Again, I want to quote Dr. Kinoshita’s most recent performance review in which he scored me a 4 out of 5 for collaboration (prior to the Ethnic Studies Summer Institute discussed below):

Ms. Gill has learned to leverage already-existing relationships to good end to accomplish the large amount of work volume this year. The above-mentioned partnership with DREA [Department of Racial Equity Advancement in SPS] and the CRE [Seattle Education Association’s Center for Racial Equity] has resulted in not only major professional development accomplishments, but access to hundreds of SPS teachers. Racial Equity Team Institutes and Black Lives Matter observances [which I have co-led with the aforementioned groups] have influenced a broad section of teachers and helped provide them conceptual knowledge as well as language to discuss race, racism, and privilege. She has built a cohesive Ethnic Studies Advisory [Group], which is committed and dedicated to developing curriculum. The team have benefitted from your guidance in developing quality curriculum products that will be ready for the adoption process. The participants, already strong in their beliefs when they volunteered, now also have become advocates for ethnic studies and what it stands for. Ms. Gill has also forged ties with Seattle’s burgeoning number of ethnic community organizations, connections that Seattle Public Schools has never had*. She connected with their long-standing desire to dislodge the Eurocentric curriculum monopoly in SPS. These connections have resulted in credibility for the ethnic studies effort, and community engagement in review of the curriculum. These ties should continue to be cultivated as a means to strengthen the perspective of the curriculum. Another important area of collaboration that has begun is the beginnings of joint projects with the other subject area managers in CAI, which will go far in extending the reach of ethnic studies to SPS students, and help with the transformation away from the exclusively Eurocentric content. These connections have great potential to leverage ethnic studies, and they should be carefully cultivated.

*emphasis added

Of all the accusations lobbed against me, this is the most demonstrably false. I mean, look at the picture for this post – it consists of educators, students, and families that I’ve worked with over the past several years. But I don’t collaborate? If I were to go back into prior years of performance reviews, I could share with you similar feedback from former supervisors. I have consistently scored 4s and 5s on collaboration. This also doesn’t take into consideration the award I was given by the NAACP for collaborating with the NAACP and other educators on the initial push for ethnic studies in SPS. It doesn’t take into consideration me being named Teacher of the Year for the collaborative work between SPS, community organizations, and SEA to build the ethnic studies program while I was still teaching full time. It completely ignores the level of collaboration it took for me to single-handedly organize a two-week long PD in collaboration with the following people and organizations:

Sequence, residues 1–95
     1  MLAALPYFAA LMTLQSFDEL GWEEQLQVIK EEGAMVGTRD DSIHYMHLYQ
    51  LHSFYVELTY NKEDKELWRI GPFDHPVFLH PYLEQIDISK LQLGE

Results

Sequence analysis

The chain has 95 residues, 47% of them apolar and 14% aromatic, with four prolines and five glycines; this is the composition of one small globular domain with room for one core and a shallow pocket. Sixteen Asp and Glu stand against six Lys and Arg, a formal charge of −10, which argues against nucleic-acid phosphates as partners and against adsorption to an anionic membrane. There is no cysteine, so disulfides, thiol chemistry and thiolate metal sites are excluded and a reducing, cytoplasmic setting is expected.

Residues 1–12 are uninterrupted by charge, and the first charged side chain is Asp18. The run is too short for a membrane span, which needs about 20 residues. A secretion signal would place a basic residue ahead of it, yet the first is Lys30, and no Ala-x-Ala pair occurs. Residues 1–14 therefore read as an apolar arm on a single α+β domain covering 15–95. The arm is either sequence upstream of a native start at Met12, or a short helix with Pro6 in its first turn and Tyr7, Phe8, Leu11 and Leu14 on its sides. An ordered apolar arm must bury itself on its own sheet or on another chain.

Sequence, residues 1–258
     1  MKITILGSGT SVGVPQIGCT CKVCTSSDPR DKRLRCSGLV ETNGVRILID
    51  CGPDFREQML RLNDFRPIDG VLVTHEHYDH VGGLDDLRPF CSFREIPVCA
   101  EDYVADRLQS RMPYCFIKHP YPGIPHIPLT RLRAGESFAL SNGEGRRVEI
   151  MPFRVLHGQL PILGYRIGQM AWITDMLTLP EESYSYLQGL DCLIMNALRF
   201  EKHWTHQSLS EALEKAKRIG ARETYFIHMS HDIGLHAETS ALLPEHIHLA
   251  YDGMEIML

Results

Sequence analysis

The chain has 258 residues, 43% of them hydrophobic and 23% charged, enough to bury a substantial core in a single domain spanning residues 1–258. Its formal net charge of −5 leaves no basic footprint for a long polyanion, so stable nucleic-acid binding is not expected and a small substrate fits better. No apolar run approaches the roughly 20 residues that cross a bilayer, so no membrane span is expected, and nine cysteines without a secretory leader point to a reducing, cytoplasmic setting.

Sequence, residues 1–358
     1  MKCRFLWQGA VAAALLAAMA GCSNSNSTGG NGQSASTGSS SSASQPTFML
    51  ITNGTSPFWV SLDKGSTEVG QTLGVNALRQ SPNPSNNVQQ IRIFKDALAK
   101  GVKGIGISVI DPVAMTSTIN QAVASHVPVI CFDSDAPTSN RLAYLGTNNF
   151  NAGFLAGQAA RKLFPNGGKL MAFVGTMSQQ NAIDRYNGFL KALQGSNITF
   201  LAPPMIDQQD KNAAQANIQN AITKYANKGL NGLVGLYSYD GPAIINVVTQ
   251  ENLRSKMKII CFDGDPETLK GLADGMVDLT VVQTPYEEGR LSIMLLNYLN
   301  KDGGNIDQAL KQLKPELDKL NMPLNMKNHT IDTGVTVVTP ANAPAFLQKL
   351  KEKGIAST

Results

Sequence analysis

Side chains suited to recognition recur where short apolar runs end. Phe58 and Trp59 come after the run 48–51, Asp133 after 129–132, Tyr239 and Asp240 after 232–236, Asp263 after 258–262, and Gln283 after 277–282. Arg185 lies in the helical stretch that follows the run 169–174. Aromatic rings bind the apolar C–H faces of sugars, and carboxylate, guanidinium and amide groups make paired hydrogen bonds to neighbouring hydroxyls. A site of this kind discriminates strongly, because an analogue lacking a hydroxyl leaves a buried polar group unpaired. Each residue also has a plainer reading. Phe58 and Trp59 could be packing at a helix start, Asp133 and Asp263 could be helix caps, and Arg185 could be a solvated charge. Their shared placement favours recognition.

The Ethnic Studies Advisory Group

SEA’s Center for Racial Equity

SPS Culturally Responsive Teacher Leadership Cadre

Seattle University

The NAACP Youth Council

Families of Color Seattle

Dr. Wayne Au, UW Bothell

Dr. Nan Ma, Bellevue College

Dr. Gonzalo Guzmán, UW Seattle

Dr. LaTaSha Levy, UW Seattle

Rayann Kalei’okalani Onzuka of Huraiti Mana and Wing Luke Museum

Sharon H. Chang. Author and Activist

Dr. Django Paris, UW Seattle

Naho Shioya, Teaching Artist

The complaints outlined in Dr. DeBacker and Juneau’s letters come mostly from white women whose feelings were hurt that I pointed out racist actions. I have never called anyone a racist, as is suggested by Dr. DeBacker. I have pointed out racist events. For example, I never called anyone in Communications a racist. I said that a white woman taking over the work of educators of Color – while I was on vacation – without discussing it with me or my supervisor, Dr. Kinoshita – was a form of institutionalized racism. I didn’t even find out this happened from Carri Campbell and her crew. While I was on vacation I received a text from one of the members of the web developing team we had hired letting me know that Communications had taken over the project.

Another example is the appropriation of our work by HR, specifically Lindsey Berger and Dr. Clover Codd. Lindsey asked to meet with me after our (very successful) Ethnic Studies Summer Institute to learn more about my work. Lindsey outright stated in this meeting, “Clover and I are trying to figure out how you got 100 people to give up two weeks of their summer without giving them any incentives. We have to bribe people to come to our PD.” We had a good chat and did some relationship building. Lindsey asked how she could support our efforts. I told her I needed a staff. Next thing I know, I get an email from Lindsey saying my PD work was being presented in an HR meeting by Uti Hawkins, a member of DREA who has not at all been involved in the ethnic studies work in SPS. Lindsey was writing to ask if I’d like to attend and observe the presentation! That’s when I responded that they were appropriating the work of educators of Color and tokenizing Uti, a woman of Color, as the mouthpiece for work Uti’s not familiar with. I never called anyone racist, but if that’s not appropriation, I don’t know what is.